The man who police say called to report his 5-month-old daughter as kidnapped before changing his story and leading investigators to her body pleaded not guilty to two felonies and an enhancement Thursday, according to the District Attorney's office.
Police arrested Anthony Theard, 24, for manslaughter Friday, spokesman Neville Gittens said. On Thursday he was arraigned on charges of involuntary manslaughter and child abuse, with an enhancement of inflicting corporal injury on a child, resulting in death.
Theard originally reported his daughter, Camille Ferguson, was kidnapped out of his car when he ran into a smoke shop on 18th and Mission streets on August 27. But three days later, as Theard was in custody for a parole violation related to the alleged kidnapping, he led investigators to the body in a rough, remote area of McLaren Park, police reported.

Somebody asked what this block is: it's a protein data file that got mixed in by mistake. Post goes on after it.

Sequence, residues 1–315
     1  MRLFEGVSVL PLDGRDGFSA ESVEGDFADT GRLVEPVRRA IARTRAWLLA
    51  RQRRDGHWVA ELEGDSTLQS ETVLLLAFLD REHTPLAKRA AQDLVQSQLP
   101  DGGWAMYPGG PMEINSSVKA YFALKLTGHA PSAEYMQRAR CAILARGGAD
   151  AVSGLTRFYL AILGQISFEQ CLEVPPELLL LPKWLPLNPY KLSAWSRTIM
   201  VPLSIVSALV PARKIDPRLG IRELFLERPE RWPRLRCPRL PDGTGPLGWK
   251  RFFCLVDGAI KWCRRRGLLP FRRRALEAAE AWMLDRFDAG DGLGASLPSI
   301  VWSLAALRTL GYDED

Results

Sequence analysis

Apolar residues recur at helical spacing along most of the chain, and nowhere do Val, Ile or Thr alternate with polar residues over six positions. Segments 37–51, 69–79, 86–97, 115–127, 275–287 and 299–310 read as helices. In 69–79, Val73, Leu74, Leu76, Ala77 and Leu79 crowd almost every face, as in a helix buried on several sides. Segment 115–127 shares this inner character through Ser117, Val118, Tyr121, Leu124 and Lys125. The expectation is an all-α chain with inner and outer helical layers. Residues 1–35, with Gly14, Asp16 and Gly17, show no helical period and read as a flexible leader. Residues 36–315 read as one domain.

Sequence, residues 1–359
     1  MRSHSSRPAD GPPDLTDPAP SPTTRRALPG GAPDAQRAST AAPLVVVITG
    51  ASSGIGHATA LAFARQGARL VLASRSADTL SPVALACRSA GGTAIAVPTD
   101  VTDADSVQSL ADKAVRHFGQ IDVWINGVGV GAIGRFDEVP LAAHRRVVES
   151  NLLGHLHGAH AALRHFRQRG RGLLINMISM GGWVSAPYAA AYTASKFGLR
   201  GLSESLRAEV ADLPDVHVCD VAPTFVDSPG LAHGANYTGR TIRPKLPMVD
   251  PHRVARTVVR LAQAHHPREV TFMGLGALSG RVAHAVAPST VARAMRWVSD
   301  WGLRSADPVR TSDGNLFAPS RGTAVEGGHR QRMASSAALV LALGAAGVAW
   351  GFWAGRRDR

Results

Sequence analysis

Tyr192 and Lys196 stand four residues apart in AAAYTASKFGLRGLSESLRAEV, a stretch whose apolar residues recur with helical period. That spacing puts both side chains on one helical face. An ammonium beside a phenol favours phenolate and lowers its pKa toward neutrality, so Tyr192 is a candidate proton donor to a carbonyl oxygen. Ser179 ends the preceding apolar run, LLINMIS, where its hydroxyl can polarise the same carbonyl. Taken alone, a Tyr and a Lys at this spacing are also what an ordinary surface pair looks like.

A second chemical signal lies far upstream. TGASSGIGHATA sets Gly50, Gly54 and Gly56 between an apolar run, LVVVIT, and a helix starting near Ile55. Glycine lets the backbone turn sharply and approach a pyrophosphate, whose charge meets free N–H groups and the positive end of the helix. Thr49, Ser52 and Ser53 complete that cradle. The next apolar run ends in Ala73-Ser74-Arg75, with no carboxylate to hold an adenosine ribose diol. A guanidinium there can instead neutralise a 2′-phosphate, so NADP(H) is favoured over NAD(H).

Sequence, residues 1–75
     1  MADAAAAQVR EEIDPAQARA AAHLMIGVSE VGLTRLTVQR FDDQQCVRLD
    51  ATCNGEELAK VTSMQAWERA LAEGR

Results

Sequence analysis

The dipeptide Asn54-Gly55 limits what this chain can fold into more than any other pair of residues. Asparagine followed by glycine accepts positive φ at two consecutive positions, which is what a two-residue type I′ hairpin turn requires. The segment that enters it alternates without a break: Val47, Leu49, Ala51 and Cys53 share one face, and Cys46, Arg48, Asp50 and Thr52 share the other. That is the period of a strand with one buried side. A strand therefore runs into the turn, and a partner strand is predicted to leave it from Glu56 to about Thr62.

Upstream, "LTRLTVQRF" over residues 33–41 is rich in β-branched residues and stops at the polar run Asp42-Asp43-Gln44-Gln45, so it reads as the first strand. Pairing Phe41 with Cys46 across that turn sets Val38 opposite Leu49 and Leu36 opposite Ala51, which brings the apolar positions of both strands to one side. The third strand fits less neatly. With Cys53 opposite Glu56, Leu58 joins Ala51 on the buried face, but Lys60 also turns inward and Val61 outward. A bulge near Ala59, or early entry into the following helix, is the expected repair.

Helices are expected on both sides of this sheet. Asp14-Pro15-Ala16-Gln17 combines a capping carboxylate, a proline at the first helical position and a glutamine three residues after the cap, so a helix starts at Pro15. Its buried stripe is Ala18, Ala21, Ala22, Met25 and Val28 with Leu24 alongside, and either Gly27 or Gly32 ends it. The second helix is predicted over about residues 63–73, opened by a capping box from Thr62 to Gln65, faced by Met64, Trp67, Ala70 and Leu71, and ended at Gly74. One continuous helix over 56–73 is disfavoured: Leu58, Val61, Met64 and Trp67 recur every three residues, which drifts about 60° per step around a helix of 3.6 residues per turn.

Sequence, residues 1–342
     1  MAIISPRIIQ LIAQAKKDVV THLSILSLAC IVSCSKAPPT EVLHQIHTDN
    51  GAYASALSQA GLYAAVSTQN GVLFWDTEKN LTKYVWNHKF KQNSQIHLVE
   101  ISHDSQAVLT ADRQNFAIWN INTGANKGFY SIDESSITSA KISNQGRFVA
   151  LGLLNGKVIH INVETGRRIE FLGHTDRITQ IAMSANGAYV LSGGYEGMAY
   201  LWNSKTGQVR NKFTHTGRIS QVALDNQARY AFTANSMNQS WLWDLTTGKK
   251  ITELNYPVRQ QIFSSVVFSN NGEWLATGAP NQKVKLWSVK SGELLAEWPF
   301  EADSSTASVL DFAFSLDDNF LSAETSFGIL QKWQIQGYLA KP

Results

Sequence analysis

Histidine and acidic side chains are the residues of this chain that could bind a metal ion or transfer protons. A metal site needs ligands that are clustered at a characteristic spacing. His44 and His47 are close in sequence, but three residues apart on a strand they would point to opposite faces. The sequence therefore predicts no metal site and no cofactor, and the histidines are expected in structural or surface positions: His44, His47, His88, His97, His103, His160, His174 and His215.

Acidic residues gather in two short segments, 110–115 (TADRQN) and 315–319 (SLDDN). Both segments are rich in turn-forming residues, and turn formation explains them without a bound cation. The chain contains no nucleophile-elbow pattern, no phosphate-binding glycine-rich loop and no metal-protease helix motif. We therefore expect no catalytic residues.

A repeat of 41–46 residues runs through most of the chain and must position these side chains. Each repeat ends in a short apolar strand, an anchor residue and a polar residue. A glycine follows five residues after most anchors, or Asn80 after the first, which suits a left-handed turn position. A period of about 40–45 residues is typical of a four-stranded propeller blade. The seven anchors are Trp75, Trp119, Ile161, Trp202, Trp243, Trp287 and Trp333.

According to District Attorney's office spokeswoman Debbie Mesloh, Theard changed his story and told investigators that he had agreed to watch Camille while her mother, Leidi Ferguson, was at work. Camille had a cold, and Theard said he put her to sleep on her belly so she could breathe easier. When he checked on her later, she was dead.
Theard was on parole for an April conviction of attempted pimping. Parole agents arrested him for child endangerment on August 29, after hearing that he had left Camille in the car.
The San Francisco Medical Examiner's office has not yet put forth a cause of death for Camille. Medical Examiner's office spokesman Steve Gelman said toxicology reports on Camille could still take weeks to complete. Police announced Thursday, however, that her death was not natural.
Theard exercised his right to a speedy trial Thursday, meaning he will appear at a preliminary hearing to decide whether there is sufficient evidence to try him within 10 days.
On Thursday evening, Leidi Ferguson was not immediately available. Theard's mother, who did not want to give her name, said the family is "basically in a daze."
"We're just trying to get through the funeral first. As far as everything else, that's going to be secondary. We just want to give Camille a proper burial," she said.